NEW YORK - Shoppers are showing signs of pulling back on spending for discretionary items such as clothing and home goods as gasoline and groceries eat up more of their paychecks.

Those pressures led many retailers Thursday to report only modest revenue increases in May, the latest sign of the economy hitting a soft patch.

Retailers that cater to wealthy shoppers and warehouse clubs that also sell gas, such as Costco, reported the biggest gains.

For most of the spring, consumers seemed to shrug off rising prices. Now, gasoline costing $1 per gallon more than a year ago and higher grocery bills are "finally taking a bite and affecting sales," said Ken Perkins, president of research firm Retail Metrics. "It definitely raises the caution flag going into the summer."

Revenue rose 5.4 percent overall at stores open at least a year among 27 retailers surveyed by the International Council of Shopping Centers. Excluding gasoline, the figure rose 3.7 percent.

"On the surface, the numbers look pretty good," said Mike Niemira, the group's chief economist. "But it is being driven by a very narrow set of retailers."

Revenue from stores open at least one year is a key indicator of a retailer's health because it excludes stores opened or closed during the year.

Among the reports Thursday by individual retailers, chains based in the Philadelphia area posted mixed results for May:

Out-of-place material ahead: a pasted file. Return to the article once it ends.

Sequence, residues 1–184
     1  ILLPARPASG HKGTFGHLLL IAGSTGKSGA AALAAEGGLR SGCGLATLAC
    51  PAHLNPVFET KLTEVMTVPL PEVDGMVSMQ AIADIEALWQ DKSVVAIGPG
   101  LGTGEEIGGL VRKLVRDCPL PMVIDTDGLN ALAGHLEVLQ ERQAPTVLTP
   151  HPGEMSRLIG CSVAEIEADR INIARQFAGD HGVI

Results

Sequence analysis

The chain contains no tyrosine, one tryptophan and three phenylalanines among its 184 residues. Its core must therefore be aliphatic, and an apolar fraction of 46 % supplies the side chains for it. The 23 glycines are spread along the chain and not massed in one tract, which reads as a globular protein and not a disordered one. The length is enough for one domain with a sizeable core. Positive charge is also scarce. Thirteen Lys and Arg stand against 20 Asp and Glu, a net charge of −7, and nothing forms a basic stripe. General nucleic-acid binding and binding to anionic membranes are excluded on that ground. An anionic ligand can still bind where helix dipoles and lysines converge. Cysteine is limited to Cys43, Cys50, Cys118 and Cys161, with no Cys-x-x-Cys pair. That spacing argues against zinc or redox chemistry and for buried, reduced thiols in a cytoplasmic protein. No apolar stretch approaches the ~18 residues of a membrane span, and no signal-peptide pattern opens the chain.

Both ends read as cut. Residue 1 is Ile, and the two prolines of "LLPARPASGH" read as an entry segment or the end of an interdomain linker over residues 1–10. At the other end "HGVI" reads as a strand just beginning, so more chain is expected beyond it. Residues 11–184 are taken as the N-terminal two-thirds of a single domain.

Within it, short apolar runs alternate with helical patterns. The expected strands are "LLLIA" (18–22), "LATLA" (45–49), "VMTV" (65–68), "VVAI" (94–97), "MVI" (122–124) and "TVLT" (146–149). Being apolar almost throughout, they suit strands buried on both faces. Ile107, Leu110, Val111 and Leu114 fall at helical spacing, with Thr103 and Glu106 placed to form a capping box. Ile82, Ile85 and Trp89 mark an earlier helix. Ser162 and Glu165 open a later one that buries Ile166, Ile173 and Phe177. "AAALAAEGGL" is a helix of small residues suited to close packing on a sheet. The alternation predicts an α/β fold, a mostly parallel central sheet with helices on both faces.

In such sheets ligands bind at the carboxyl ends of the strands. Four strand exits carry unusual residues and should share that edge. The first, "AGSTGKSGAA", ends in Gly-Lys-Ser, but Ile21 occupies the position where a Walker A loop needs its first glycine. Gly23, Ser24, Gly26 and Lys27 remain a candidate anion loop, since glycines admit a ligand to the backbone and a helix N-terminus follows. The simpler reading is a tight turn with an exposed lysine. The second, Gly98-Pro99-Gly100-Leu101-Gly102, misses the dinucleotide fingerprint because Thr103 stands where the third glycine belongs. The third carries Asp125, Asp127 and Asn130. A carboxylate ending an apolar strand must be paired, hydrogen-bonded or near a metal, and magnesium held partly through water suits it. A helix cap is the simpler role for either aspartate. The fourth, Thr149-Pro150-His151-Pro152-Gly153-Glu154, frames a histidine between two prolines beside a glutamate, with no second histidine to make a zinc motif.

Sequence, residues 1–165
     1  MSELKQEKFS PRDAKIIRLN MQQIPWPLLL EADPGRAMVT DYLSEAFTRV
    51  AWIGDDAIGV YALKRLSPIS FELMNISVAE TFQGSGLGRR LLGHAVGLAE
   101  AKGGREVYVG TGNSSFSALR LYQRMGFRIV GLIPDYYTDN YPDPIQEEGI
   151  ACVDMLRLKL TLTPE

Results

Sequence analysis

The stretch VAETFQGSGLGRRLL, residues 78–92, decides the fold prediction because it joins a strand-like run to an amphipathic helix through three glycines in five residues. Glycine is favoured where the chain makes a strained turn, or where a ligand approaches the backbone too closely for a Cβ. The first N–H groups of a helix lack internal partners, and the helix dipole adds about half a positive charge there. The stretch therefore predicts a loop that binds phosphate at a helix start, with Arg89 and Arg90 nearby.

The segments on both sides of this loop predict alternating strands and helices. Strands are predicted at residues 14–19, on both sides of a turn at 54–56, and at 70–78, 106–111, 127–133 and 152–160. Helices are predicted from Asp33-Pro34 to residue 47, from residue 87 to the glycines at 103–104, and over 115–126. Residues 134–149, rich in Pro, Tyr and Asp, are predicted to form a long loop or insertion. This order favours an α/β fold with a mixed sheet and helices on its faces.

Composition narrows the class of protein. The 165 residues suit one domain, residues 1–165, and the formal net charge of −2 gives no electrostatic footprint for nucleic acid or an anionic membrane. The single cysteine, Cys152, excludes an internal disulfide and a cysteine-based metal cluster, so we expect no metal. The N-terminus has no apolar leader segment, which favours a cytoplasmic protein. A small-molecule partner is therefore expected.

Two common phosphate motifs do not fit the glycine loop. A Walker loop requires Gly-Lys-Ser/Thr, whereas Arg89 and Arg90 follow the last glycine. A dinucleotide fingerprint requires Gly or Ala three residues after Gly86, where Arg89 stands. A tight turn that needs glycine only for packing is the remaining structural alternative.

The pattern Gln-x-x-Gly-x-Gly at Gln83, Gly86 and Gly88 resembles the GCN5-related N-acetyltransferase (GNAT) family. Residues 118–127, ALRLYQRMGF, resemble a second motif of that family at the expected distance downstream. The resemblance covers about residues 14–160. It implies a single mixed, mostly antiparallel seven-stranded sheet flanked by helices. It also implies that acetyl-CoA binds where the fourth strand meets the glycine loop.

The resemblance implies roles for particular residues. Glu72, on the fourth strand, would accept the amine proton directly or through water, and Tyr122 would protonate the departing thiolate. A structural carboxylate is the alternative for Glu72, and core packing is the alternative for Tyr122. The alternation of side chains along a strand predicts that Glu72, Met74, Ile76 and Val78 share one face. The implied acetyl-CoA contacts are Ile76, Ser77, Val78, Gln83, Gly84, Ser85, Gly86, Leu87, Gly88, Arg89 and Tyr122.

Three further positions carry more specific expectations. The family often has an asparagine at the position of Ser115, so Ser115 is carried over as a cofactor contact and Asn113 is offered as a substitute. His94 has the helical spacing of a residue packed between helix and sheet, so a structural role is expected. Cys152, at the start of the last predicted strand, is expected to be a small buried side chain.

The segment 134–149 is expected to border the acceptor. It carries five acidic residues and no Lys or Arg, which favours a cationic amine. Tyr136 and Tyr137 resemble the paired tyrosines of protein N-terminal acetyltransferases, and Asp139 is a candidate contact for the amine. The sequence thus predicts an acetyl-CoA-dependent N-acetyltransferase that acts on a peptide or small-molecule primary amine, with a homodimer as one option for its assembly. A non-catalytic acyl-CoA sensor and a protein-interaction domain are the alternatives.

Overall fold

Rite Aid. The Camp Hill drugstore operator said revenue at stores open at least a year had risen 1.3 percent from May last year. Pharmacy revenue grew 1 percent and prescriptions 0.1 percent. Revenue from the front end of the store, where such items as cosmetics, magazines, and candy are sold, increased 1.8 percent.

Destination Maternity. Same-store sales for the month were down 8.6 percent, the Philadelphia maternity retailer said. The company, which reports on a calendar-month basis, said having one fewer Saturday than last year's period was a factor, along with severe May weather in parts of the country and continued economic doldrums.

Bon-Ton Stores. Same-store sales fell 2.3 percent last month, which the department-store chain attributed to slow traffic for warm-weather merchandise such as intimate apparel, men's sportswear, and children's clothing. Bon-Ton has headquarters in York and Milwaukee.

Among national retailers, Target's revenue at stores open at least a year rose 2.8 percent, below the 3.5 percent analysts expected, according to FactSet.

"Our guests continue to shop cautiously in light of higher energy costs and inflationary pressures on their household budgets," Target Corp. chief executive Gregg Steinhafel said.

Stores that cater to middle- and lower-income shoppers fared worse than more expensive stores. Luxury retailer Saks Inc. reported that May results had jumped 20.2 percent, and Nordstrom Inc. also beat expectations. Sales at Macy's rose 7.4 percent.

But midpriced department stores, such as Dillard's, J.C. Penney, and Kohl's, all missed expectations for May sales.

Inquirer staff writer Roslyn Rudolph contributed to this article.